A federal judge in Illinois has declined to put a stop to the state of Illinois’ new ban on so-called assault weapons, along with a similar prohibition locally imposed by the city of Naperville, ruling that the firearms in question aren’t protected by the Second Amendment in the first place.
U.S. District Judge Virginia Keller’s ruling in Bevis v. City of Naperville isn’t binding precedent, thankfully, and I’m not sure the Seventh Circuit Court of Appeals is going to be willing to play along with her assertion that semi-automatic firearms arbitrarily designated as “assault weapons” are “dangerous and unusual” given the fact that the arms in question are the most popular style of rifle sold today.
In her ruling, Kendall wrote that the Illinois and Naperville bans meet that burden: “Because assault weapons are particularly dangerous weapons and high-capacity magazines are particularly dangerous weapon accessories, their regulation accords with history and tradition.
“Naperville and Illinois lawfully exercised their authority to control their possession, transfer, sale, and manufacture by enacting a ban on commercial sales,” the judge wrote.
The weapons banned by the Illinois law are “unquestionably” in common use, the lawyers for the National Association for Gun Rights argued.
“An arm that is in common use for lawful purposes is, by definition, not unusual,” the lawyers wrote. “Such an arm therefore cannot be both dangerous and unusual and therefore cannot be … subjected to a blanket ban.”
Kendall ruled that the government can regulate highly dangerous arms, including assault weapons and large-capacity magazines, that pose an unusual risk that can cause greater harm and more deaths.
“The text of the Second Amendment is limited to only certain arms, and history and tradition demonstrate that particularly ‘dangerous’ weapons are unprotected,” the judge wrote.
Assault weapons are also not commonly used for self-defense, Kendall wrote, and gun owners have many other firearms they could use for protection.
Kendall’s ruling is replete with questionable arguments in favor of upholding the ban on semi-automatic firearms designated as “assault weapons,” including her assertion that a few short-lived regulations from the early 1900s are proof that semi-automatic rifles (or perhaps all semi-automatic firearms) aren’t covered under the Second Amendment’s protections.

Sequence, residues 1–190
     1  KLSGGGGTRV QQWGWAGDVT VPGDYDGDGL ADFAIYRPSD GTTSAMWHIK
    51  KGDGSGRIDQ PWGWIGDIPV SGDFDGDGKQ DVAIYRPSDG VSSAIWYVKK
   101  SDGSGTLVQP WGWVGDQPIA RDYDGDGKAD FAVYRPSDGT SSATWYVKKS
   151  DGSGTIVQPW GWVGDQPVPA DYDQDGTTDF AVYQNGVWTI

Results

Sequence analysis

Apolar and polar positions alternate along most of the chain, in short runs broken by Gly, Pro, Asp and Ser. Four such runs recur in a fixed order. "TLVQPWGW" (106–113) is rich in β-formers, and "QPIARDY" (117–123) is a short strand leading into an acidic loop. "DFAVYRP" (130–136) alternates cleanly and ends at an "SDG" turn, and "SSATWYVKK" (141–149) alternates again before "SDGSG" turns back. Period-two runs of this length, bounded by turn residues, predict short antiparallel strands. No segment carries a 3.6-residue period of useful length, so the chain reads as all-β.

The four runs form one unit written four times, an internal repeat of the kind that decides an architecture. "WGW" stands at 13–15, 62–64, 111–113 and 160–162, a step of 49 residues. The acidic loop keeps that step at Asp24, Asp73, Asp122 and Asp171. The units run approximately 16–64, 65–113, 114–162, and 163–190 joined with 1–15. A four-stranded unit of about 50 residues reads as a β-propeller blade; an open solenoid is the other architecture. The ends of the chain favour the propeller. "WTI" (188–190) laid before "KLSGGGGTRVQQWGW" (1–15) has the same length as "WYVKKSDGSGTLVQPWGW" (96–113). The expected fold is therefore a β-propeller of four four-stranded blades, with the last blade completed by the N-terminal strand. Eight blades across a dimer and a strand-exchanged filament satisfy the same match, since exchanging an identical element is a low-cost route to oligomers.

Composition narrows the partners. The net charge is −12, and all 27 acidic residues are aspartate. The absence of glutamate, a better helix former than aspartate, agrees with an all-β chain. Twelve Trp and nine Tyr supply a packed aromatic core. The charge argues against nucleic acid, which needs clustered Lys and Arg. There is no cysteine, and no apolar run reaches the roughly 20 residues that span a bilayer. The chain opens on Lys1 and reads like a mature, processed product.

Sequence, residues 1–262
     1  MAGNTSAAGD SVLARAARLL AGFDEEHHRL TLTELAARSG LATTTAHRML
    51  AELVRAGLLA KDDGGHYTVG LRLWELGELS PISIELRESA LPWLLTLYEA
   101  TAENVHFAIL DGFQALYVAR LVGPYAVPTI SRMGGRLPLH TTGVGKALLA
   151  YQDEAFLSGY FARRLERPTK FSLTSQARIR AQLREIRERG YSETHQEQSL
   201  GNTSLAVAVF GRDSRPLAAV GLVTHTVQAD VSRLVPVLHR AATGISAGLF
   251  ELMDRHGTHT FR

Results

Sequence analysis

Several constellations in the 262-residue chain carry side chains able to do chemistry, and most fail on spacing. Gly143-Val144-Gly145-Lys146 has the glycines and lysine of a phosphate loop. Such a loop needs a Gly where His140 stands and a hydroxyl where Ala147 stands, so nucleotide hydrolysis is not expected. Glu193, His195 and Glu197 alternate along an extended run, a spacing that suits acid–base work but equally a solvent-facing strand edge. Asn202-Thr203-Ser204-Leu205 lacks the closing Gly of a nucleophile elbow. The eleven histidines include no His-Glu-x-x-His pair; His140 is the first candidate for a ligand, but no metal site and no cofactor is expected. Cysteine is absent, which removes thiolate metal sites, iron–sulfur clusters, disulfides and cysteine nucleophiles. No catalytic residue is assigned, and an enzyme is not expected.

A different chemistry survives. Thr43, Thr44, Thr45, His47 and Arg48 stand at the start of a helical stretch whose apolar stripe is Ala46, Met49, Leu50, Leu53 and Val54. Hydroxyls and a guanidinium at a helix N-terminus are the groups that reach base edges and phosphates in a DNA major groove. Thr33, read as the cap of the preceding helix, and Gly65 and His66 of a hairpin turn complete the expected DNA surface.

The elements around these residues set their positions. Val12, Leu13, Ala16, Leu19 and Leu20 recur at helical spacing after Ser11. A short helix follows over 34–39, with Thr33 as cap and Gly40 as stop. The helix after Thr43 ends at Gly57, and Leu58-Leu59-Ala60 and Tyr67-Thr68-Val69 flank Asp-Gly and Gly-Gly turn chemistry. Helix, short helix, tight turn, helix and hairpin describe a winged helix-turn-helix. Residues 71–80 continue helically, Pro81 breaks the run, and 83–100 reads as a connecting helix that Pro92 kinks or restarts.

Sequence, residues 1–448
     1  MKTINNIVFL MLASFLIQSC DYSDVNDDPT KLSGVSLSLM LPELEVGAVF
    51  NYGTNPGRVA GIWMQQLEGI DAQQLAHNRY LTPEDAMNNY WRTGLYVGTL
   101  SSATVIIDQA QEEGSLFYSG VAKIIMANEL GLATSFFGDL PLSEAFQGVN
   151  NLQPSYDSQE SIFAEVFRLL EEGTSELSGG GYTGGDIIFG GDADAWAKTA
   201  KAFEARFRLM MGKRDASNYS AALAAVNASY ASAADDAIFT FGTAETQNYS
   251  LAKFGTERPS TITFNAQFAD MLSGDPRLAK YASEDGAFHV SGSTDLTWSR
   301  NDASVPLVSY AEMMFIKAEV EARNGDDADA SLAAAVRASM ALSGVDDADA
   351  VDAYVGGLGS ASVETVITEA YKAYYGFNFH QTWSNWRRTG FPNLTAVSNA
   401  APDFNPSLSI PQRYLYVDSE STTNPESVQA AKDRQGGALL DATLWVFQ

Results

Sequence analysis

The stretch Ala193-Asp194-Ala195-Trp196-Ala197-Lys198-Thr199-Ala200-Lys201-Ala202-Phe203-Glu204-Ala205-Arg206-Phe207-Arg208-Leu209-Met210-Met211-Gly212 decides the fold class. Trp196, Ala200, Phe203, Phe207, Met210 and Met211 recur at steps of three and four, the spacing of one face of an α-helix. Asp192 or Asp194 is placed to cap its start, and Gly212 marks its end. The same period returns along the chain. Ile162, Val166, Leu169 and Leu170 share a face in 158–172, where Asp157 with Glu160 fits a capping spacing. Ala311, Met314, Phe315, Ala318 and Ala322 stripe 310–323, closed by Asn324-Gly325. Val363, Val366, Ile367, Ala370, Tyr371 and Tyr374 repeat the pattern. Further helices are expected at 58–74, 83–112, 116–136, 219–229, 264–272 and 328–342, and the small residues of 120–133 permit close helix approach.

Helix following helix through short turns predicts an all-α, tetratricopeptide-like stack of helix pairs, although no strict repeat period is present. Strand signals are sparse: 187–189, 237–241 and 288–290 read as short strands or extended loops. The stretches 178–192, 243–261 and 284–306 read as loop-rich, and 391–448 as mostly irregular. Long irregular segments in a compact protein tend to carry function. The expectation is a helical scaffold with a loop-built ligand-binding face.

Notably, semiautomatic weapons themselves, which assault weapons fall under, were directly controlled in the early 20th century. Rhode Island prohibited the manufacture, sale, purchase, and possession of “any weapon which shoots more than twelve shots semi-automatically without reloading.” Michigan regulated guns that could fire “more than sixteen times without reloading.” In total, nine states passed semiautomatic weapon regulations, along with Congress, which criminalized the possession of a “machine gun” in D.C., defined as “any firearm which shoots … semiautomatically more than twelve shots without reloading.” Twenty-three states imposed some limitation on ammunition magazine capacity, restricting the number of rounds from anywhere between one (Massachusetts and Minnesota) and eighteen (Ohio).
Regulations in less than half of the states is hardly evidence that these types of laws were both widespread or long lasting. There were eight states that had “may issue” carry laws on the books when the Supreme Court struck them down in NYSPRA v. Bruen, so Keller pointing to regulations in nine states (few of which actually prohibited the sale and possession of semi-automatic firearms) doesn’t have quite the heft the judge was hoping for.
Still, Keller’s weak argument still has the weight of law. Thankfully Bevis v. Naperville isn’t the only challenge to Illinois’ gun ban underway, and Keller isn’t the only federal judge that’s considering the constitutionality of the “assault weapon” prohibitions. Let’s hope the others actually look to the text of the Second Amendment along with history and tradition when making their ruling instead of just looking for any excuse they can find to keep the gun and magazine ban in place.